El Granjero rewrites Mexican
When most West Michigan diners think of “Mexican” food, they think of wet burritos at the Beltline Bar or some other Tex-Mex dish. There’s nothing wrong with a gut busting Beltline Bar burrito, but it is not the kind of food you’ll find traveling around Mexico.
For the most part, food in Mexico is light and bright and full of fresh ingredients, a far cry from Taco Bell and its gloopy volcano sauces, neon orange cheese and Mexican pizzas. Nowhere in Mexico would you find a hard shell taco wrapped in a flour tortilla with fake cheese used as a sort of glue to hold the entire thing together.
These Tex-Mex abominations have distorted our view of Mexican food. Top Chef Masters was on the other night, and one of the judges said something quite interesting that related to a recent dining experience: “Sometimes we don’t give Mexican food enough street credit, as compared to Italian or French meals.” So true.
As West Michigan’s Hispanic population grows, so do our choices for authentic Mexican food. While you wouldn’t call most of these restaurants fine dining, many of them do a good job with traditional Mexican food — burritos, tacos, gorditas, tortas and quesadillas.
One of the best Grand Rapids Grub has found is El Granjero Mexican Grill (formerly know as Tacos El Ganadero). Like many of the authentic Mexican restaurants around town, El Granjero isn’t much to look at. It is found at the corner of Bridge Street and Lane Avenue on Grand Rapids’ West Side in a former Church’s Chicken.
As soon as you walk into El Granjero, you are greeted by a colorful, south-of-the-border atmosphere. It’s a bit tatty and dark inside, though it always seems clean. When eating at ethnic restaurants, it is always a good sign to see diners of that ethnicity actually eating there. El Granjero is truly a melting pot of cultures. Couples with children chatting in Spanish sit next to a group of white construction workers on break, who sit next to an African-American businessman who has come for lunch from a downtown office.
To draw a crowd like this, the food has to be good. And it is. A basket of chips and two types of salsas are served when you sit down. The menu is in Spanish and English and pictures accompany most food selections so those who haven’t had a torta (Mexican sandwich) at least might know what one looks like before ordering it.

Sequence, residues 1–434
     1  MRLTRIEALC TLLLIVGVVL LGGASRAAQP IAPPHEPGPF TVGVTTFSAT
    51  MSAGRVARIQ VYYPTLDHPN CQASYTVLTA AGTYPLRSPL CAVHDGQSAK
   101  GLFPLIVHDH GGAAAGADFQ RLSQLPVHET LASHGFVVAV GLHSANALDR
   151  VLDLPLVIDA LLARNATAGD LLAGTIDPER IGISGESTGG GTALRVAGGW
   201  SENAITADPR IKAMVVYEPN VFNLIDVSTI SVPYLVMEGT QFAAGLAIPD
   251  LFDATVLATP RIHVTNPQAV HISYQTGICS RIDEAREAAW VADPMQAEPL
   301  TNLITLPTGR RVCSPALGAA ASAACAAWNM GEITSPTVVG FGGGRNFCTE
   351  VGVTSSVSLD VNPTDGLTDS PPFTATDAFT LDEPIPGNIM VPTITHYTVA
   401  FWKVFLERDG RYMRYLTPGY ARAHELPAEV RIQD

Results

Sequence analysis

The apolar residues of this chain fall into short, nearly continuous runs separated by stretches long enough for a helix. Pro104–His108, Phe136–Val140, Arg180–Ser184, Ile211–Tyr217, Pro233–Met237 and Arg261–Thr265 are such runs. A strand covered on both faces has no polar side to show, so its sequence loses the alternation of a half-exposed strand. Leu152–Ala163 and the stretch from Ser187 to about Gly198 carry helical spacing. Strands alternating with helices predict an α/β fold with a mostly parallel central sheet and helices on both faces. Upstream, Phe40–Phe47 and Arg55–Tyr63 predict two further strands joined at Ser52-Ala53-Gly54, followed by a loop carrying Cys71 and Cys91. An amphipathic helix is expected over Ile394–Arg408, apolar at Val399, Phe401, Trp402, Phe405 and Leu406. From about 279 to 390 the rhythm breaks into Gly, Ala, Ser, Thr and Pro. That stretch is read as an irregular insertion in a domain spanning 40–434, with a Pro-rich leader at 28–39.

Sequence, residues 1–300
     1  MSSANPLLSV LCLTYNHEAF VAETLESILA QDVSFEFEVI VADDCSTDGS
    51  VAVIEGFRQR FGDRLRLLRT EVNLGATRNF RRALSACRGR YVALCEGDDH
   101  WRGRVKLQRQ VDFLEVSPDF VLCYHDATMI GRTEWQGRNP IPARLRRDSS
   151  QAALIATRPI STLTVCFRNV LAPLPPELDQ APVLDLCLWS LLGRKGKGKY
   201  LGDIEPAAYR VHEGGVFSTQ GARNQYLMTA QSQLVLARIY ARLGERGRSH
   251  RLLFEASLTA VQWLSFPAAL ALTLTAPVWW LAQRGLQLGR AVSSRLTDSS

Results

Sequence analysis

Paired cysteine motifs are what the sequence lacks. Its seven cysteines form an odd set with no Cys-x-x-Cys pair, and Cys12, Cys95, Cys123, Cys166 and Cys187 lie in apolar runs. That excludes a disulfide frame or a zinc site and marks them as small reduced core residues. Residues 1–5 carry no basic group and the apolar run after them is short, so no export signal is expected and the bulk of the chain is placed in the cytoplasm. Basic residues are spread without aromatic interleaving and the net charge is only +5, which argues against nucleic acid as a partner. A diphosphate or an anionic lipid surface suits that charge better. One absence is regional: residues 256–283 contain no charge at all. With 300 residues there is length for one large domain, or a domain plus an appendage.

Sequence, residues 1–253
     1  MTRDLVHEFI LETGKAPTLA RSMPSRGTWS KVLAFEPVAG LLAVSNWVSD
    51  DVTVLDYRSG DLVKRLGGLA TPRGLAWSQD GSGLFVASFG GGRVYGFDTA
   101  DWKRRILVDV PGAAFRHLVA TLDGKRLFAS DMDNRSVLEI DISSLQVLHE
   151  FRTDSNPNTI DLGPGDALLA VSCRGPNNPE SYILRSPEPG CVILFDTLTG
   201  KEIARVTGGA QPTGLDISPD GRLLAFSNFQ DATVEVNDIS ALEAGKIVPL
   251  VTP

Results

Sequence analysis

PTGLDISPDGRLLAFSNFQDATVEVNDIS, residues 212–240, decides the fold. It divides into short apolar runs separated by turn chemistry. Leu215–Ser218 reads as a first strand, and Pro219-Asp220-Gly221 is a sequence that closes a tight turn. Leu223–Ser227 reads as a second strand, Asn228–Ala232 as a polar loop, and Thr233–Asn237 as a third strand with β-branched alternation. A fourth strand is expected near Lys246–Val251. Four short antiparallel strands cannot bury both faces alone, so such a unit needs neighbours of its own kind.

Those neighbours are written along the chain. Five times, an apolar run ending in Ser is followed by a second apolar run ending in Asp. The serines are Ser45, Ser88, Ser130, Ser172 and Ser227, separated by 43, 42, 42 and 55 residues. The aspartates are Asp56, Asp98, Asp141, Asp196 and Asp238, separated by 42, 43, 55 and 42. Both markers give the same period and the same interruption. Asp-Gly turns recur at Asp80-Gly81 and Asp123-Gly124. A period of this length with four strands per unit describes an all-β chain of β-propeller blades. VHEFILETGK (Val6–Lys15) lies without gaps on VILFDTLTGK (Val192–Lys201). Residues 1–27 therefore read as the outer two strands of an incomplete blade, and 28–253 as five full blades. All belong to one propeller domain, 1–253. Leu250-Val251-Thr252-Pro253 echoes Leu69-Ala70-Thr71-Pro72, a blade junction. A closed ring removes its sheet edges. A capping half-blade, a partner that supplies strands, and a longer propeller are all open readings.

El Granjero has the typical drink selections — fountain Coca-Cola soft drinks — but it also has a few items diners won’t find at Taco Bell. An horchata is a milky, rice-based drink that is slightly sweet and flavored with sugar, cinnamon and vanilla. It is a great drink to tame the spicy fire of El Granjero’s food. And kids absolutely love them.
Going with my gut, I ordered a chicken quesadilla, a long-time favorite. Thinking that my stomach could handle a big meal, I went with the large size. When our meals came, I was shocked by the size of the quesadilla. I was expecting something that could fill me up, not something that I’d have to take home to finish the next night. For about $7, I got a great tasting quesadilla (albeit with avocado, which I had specifically asked to have taken off). It was full of cheese, peppers and loads of chicken. It was fully packed. My dining partner, Grand Rapids Grub co-founder Rob Kirkbride, is a El Granjero veteran. Though he usually goes with one of the restaurant’s huge dry burritos with steak or chicken, he decided on the steak tacos ($1.59 each). Rob reported the meat in the tacos was tender and delicious. Those who don’t know much about traditional Mexican food should know that tacos are served on corn tortillas, not flour, through flour tortillas are an option at El Granjero.
Rob also has tried the restaurant’s excellent tortas, a Mexican sandwich with meat and fresh avacado. He also highly recommends the burritos, which are served with a choice of meat, lettuce, fresh avacado, onion, cheese, sour cream and cilantro. For less than $6, it is large enough to eat for two meals. Gorditas — the equivalent of a Mexican pita — are reported to be excellent as well. Rob recommends the bean and cheese gorditas for kids.
You’ll be surprised at how many different choices there are, especially beyond the standard burrito and taco. All in all, El Granjero gave me a pretty good meal at a very reasonable price. And if you’re a college student, you get 10 percent off with an ID.
As West Michigan Hispanic population blossoms, so does the dining choices for everyone in the area. Next time you want to make a “run for the border,” go with something local and little more exotic. You’ll love what you find.El Granjero ( Rating: out of 5 )
Where: 950 Bridge St NW
Hours: Open Monday to Thursday and Sunday from 10:00 a.m. to 10:00 p.m., Friday and Saturday from 10:00 a.m. to 11:00 p.m.
Ambiance: Authentic Mexican eatery
How much will it cost you: Entrees cost between $5 and $10
Credit cards: All major
Contact: (616) 458-5595